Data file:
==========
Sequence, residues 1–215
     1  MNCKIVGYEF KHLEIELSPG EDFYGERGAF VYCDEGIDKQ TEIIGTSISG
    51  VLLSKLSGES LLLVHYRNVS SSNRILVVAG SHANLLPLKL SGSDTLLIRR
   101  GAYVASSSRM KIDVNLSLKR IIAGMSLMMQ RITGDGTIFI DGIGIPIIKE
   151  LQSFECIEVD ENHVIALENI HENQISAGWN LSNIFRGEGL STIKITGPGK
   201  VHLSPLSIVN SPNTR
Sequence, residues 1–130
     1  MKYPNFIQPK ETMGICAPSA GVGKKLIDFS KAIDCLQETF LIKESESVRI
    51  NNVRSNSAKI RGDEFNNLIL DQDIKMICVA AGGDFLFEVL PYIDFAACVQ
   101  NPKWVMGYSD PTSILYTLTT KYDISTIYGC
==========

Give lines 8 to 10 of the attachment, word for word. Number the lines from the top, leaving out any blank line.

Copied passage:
     1  MKYPNFIQPK ETMGICAPSA GVGKKLIDFS KAIDCLQETF LIKESESVRI
    51  NNVRSNSAKI RGDEFNNLIL DQDIKMICVA AGGDFLFEVL PYIDFAACVQ
   101  NPKWVMGYSD PTSILYTLTT KYDISTIYGC